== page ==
Curry was one of the few nice surprises for the Mavericks during the 2016-17 campaign after signing just a two-year, $5.9 million contract in the offseason. With injuries piling up in the backcourt to guys like Deron Williams and J.J. Barea, Curry ended up getting a ton of run and even started 42 of the 70 contests he played in. He nearly doubled his minutes with 29.0 per game compared to just 15.7 a year prior with the Kings. That resulted in career highs across the board of 12.8 points, 2.6 rebounds, 2.7 assists, 1.1 steals and 2.0 three-pointers. He shot a blistering 42.5 percent from the three-point line, which will likely be one of his main contributions during the upcoming campaign. The Mavericks drafted point guard Dennis Smith with the ninth overall pick in the 2017 NBA Draft and he's fully expected to jump in as a starter immediately. That sends Curry back into a bench role where he'll have to fight off Yogi Ferrell and J.J. Barea for playing time. Curry's breakout campaign should still lock him as a member of coach Rick Carlisle's regular rotation, but with the Mavericks likely opting to give their prized rookie Smith as much run as possible, it's going to come with a significant decrease to Curry's role. Curry will still come off the bench as an all-around scoring threat, especially as a floor-spacing three-point shooter, though he likely won't come close to the 29.0 minutes he averaged in 2016-17.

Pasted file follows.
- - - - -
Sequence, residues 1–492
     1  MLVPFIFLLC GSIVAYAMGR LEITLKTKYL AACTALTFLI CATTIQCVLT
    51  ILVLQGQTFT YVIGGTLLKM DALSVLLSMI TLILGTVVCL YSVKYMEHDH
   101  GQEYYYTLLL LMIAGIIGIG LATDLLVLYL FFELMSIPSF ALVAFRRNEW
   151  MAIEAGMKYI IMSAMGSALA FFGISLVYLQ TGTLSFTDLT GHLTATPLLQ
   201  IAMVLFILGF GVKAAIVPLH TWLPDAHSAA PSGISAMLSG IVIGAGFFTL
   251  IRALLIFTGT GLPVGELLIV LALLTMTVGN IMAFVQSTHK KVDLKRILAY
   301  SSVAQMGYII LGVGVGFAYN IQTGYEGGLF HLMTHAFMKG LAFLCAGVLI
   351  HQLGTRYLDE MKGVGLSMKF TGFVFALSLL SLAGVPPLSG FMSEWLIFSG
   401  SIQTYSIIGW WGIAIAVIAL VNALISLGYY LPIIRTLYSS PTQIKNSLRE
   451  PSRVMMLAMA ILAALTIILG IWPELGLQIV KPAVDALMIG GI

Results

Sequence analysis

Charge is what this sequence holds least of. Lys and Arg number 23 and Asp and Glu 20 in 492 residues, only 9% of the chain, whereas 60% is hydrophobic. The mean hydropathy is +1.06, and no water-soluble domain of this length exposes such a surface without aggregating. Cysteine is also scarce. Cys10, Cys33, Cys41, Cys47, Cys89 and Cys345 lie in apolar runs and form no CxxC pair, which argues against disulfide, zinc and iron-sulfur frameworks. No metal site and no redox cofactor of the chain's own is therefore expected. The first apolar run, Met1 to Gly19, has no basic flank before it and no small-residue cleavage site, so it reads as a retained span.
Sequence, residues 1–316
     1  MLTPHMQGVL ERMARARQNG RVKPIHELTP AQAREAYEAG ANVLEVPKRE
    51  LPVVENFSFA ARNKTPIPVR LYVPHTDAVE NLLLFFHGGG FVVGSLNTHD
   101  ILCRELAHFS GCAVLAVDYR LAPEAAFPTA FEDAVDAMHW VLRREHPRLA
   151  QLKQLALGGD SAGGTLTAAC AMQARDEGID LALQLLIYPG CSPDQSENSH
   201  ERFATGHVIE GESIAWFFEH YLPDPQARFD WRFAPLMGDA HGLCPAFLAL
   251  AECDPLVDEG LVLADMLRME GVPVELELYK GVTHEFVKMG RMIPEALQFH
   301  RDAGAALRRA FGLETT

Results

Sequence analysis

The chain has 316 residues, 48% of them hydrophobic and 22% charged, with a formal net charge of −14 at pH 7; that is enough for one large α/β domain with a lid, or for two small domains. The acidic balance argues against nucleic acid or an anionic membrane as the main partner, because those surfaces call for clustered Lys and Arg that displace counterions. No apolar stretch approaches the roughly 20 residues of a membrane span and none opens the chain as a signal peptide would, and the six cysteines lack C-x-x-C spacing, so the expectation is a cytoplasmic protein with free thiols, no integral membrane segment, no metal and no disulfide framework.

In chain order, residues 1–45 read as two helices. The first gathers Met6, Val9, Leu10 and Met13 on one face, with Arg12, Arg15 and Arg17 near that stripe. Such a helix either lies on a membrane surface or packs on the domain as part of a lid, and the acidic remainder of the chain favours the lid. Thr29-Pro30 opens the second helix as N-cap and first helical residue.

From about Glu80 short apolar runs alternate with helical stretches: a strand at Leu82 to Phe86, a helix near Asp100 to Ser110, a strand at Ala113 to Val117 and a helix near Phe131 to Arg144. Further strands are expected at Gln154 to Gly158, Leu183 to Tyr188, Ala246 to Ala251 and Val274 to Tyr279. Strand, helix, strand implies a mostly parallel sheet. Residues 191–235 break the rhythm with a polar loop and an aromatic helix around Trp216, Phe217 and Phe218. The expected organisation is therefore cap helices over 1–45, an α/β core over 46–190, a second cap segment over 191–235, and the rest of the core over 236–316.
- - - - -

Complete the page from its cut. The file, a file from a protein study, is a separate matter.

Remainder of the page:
A journeyman for his first two NBA seasons, Curry made brief cameos with the Grizzlies, Cavaliers and Suns while spending the majority of his time in the D-League. He was finally given a chance by the Kings last season, appearing in a career-high 44 games and making nine starts near the end of the season. Curry's role was inconsistent for much of the year, so it's difficult to take anything away from his season-long averages of 6.8 points, 1.5 assists and 1.4 rebounds per game. But over the Kings' final 11 games, Curry averaged 29.7 minutes, putting up 15.2 points, 3.8 assists and 2.7 rebounds while shooting 46.8 percent from the field and an even more impressive 48.4 percent from three-point range. The late surge was enough to impress the Mavs, who signed Curry as a free agent this offseason to provide depth at both guard spots. Curry will play primarily off the ball, but he has experience at point guard and turned in a 15-assist game against the Suns last season, showcasing the playmaking ability that was often on display at Duke. While the 26-year-old is an intriguing player to keep an eye on, the Mavs are stocked with steady, if not spectacular, veteran guards, which may prevent Curry from playing enough minutes to achieve fantasy relevancy in most single-season formats.